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A new Cycling First today! Today for the first time, while riding in Los Altos Hills, I executed a perfect Front Half-Flip.  (Also known as "pitched over the handlebars onto the ground", but Front Half-Flip just sounds more... Olympian.)

This means I've officially eaten dirt three times in the last six weeks. But the way cycling normally works, you're really only supposed to interact with the pavement indirectly, so I'm wondering if there's something deeply wrong with me.
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Todd Derr's profile photoJeff DelPapa's profile photoKevin Bourrillion's profile photoSalvador Diaz's profile photo
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You're just more of a hands-on type of person, nothing wrong with that.  You prefer to cut out those middlemen and put your shoulder to the wheel as it were.  Or nose to the grindstone, whatever.
 
Overachieve!  I once went over the handlebars, the bike went over me and then I landed on the bike.  It's like Olympic Figure Skating -- the more spins, twists and half-flips the better.  (In my case the judge was quite impressed.)
 
Hah wow! The only time I've done that was many years ago running into a pile of silt in a creek side 101 underpass in Santa Clara to avoid some oncoming pedestrians spread across the entire path.

I got up and rode off right away. I think they were a bit surprised.
 
I was coming out of this dirt path here: http://goo.gl/maps/hcy3h

But in the narrow part I have to go through, that's not roped off, there is now a mysterious giant mound of soft dirt, followed big dip that's, wouldn't you know it, just about exactly wheel-sized. Coming out, I can see the mound, but not the dip. I take the mound really slow, thankfully, then the wheel plants itself in the dip.

Who the f*** put that there and why I will never know.

It is strange that although I couldn't have been going much more than 2 mph, it throws your ass to the ground pretty violently anyway, and I took all the impact on my ribcage, right side.  Now I've got some bruised ribs that make it total agony whenever I have to cough!
 
Ok, Kevin - I totally completely empathize.  No the same impact, but I know what it's like to feel agony from coughing or sneezing.  I hope you rapidly heal from this. 
 
Going over the handlebars was literally the very first thing I did when I took my previous bike out for its first outing. I got about 10m from my front door, then panicked and braked too quickly; I kept going, and the bike somehow managed to land in such a way that it bent the derailleur right through the spokes on the back wheel. You think you've got talent?
 
Next up, get clipless pedals, and you will do a "horizontal track stand".  (otherwise known as coming to a stop, failing to unclip and falling over sideways)

There is an advanced (and less painful) version of your front half flip - only available to riders of short wheelbase recumbents - they put the front wheel behind the cranks, so if you start the flip, your feet actually hit the ground first.  If you are incredibly lucky, you can wind up standing up in front of the bike....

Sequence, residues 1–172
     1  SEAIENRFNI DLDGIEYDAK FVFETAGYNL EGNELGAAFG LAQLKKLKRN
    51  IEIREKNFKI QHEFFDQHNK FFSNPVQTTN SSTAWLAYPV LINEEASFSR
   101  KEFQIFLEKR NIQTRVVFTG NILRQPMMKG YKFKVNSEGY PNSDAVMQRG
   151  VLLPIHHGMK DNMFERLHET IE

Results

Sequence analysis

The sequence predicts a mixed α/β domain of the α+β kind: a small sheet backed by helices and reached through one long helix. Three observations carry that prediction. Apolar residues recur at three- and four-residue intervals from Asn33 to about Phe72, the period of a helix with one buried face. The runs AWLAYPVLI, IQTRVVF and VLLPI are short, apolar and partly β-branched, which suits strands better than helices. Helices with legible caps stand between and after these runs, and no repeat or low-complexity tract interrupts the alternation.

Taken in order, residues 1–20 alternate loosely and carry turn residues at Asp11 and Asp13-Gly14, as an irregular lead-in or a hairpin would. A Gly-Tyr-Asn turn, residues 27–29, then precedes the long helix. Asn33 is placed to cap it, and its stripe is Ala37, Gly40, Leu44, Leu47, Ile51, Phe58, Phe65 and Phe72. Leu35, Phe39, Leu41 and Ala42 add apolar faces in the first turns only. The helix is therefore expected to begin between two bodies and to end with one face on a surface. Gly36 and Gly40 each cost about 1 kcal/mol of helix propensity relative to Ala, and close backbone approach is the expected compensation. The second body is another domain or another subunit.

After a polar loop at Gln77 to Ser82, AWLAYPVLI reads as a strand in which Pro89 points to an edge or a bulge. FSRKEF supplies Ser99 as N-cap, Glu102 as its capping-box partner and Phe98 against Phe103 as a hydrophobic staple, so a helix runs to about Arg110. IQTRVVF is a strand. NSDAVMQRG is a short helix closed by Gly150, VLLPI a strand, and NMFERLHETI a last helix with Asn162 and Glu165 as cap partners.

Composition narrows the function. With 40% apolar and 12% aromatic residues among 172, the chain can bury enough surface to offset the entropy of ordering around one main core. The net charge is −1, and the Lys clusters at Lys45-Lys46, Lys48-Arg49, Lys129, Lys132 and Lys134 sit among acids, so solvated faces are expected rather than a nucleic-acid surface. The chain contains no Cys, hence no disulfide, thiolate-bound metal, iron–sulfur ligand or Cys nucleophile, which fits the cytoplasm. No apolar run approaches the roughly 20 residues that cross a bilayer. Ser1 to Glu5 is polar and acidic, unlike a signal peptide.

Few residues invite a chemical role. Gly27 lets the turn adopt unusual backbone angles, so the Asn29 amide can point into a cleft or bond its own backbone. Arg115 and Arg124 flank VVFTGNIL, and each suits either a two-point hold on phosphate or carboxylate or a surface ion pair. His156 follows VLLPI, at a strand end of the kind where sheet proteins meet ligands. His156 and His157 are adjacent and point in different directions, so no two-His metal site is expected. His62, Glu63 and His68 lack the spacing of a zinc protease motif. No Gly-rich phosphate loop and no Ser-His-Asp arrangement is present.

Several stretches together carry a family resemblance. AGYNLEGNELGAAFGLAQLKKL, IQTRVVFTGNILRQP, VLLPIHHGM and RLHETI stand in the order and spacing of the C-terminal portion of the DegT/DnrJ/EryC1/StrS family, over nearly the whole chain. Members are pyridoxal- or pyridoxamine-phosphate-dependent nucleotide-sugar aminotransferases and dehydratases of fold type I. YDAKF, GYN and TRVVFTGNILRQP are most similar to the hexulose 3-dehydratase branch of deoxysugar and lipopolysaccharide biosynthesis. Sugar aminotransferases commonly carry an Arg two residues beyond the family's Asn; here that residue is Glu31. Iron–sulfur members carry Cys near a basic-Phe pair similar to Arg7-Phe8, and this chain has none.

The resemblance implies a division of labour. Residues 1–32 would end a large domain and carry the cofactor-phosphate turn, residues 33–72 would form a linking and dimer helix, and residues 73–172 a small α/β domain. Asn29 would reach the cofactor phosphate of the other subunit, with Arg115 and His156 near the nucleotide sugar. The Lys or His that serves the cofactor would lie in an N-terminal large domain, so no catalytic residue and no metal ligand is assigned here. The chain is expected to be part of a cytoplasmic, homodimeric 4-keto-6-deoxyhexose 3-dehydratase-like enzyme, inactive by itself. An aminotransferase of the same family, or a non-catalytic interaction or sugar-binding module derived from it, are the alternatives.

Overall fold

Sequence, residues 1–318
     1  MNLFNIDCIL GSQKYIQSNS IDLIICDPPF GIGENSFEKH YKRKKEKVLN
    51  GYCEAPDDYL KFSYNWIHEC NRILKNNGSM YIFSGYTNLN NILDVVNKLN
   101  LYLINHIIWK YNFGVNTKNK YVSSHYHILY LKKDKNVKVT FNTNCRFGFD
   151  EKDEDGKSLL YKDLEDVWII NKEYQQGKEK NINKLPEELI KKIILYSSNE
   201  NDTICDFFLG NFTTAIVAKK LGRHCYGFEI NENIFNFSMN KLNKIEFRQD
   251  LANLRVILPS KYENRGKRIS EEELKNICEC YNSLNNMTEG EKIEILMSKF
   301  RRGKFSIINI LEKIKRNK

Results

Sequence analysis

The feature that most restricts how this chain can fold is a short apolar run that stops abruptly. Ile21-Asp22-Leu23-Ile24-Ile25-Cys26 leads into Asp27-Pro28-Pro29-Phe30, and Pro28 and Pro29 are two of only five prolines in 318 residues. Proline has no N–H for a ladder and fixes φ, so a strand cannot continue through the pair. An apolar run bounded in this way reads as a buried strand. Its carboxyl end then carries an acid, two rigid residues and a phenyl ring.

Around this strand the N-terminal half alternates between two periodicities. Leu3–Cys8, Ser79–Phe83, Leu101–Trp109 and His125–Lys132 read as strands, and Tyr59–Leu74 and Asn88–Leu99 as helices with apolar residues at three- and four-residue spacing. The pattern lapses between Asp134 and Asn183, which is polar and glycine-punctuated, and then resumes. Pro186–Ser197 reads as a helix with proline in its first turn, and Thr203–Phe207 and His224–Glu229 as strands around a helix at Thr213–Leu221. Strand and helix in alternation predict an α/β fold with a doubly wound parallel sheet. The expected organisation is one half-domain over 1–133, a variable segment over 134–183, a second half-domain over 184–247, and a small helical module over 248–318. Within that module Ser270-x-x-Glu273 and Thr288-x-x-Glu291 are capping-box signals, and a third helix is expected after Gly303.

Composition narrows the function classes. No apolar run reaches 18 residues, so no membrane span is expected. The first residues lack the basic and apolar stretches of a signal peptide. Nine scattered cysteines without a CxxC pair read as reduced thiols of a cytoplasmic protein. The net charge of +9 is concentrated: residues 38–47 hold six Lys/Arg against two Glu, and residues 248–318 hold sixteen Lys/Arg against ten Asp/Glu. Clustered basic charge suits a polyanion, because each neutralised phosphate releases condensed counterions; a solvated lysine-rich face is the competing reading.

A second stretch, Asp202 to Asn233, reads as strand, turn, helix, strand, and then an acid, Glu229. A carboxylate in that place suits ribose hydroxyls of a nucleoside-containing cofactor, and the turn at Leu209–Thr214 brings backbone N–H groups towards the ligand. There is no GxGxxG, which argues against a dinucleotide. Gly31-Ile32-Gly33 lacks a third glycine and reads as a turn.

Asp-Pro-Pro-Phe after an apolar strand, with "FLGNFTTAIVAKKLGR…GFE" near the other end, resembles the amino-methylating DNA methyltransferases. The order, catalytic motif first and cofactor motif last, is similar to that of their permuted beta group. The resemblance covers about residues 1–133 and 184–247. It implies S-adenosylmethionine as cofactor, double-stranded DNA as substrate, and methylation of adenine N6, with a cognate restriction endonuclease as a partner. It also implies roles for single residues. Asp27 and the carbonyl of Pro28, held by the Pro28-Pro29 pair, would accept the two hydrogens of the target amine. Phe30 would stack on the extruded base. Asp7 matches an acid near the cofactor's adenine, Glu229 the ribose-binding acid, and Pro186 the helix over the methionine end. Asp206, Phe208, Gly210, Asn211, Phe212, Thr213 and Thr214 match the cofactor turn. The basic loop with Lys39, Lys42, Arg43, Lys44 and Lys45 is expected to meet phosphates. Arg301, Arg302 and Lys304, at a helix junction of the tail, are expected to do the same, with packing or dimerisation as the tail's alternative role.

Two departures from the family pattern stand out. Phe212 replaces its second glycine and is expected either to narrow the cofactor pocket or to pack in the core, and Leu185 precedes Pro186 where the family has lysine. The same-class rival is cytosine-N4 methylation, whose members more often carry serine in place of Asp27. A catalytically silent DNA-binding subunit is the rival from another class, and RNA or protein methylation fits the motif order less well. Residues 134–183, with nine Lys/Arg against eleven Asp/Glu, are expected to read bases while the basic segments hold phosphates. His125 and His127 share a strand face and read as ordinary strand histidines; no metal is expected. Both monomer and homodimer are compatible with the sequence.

I have seen many grenaded derailers in 25 years as a volunteer mechanic on charity bike rides.  My favorite - someone had a friend adjust their rear derailer, as it wasn't going into his lowest gear.  Well the next morning he hit the first big hill, and shifted into one gear lower than he actually had.  He managed to pull a spoke and eyelet (the metal reinforcement in the rim) thru the rim.  Looked like the top of a cinder cone volcano, and bent his derailer hanger (the part of the frame the derailer attaches to) almost at a right angle.  Luckily it was a steel frame, so I could bend the hanger back, and he was able to continue.
 
That sucks - yeah, it's a kind of a long fall regardless of your speed, but at least the dirt is a little softer than pavement.  Hope your ribs feel better soon.  3 times in 6 weeks - let's call that "bad luck".
 
+Jeff DelPapa Believe it or not I actually did that (standing dismount over the bars) on an upright bike once.

It was kind of funny, a friend of mine was harping on me because for using the rear brake too much.  So I rode down the street, turned back towards him, and with my right hand in the air to demonstrate I wasn't using the back brake, I grabbed the front WAY too hard.  I was very surprised to end up on my feet.  I wish I could call it pure skill but I was way too afraid to ever try it again.  If you're so inclined, my theory is that the harder you squeeze the better - the bars need to be out of the way before your feet get there or it's likely going to be a lot more painful.
 
+Todd Derr Its a lot easier on a recumbent, especially one with under street steering, as your legs are already above all the parts of the bike.
 
+Jeff DelPapa Heh. Everyone said I would fall over one time once I started clipping in.  I almost proved them all wrong, until the day I passed a "Beware of Dog" sign, rounded a bend and immediately a big angry dog leaped out into the road in front of me barking its head off at me.  I was so completely shocked that I braked to a complete stop, hovered for an instant and over I went. Thankfully that dog was all bark.
 
+Kevin Bourrillion +Jeff DelPapa The first time I rode with clippable pedals, after a 50km ride without any incident, I unclipped my right foot to stop at home but somehow I tried to put the left one down first so I finished my ride with a nice "horizontal track stand". Boy did I feel dumb :)
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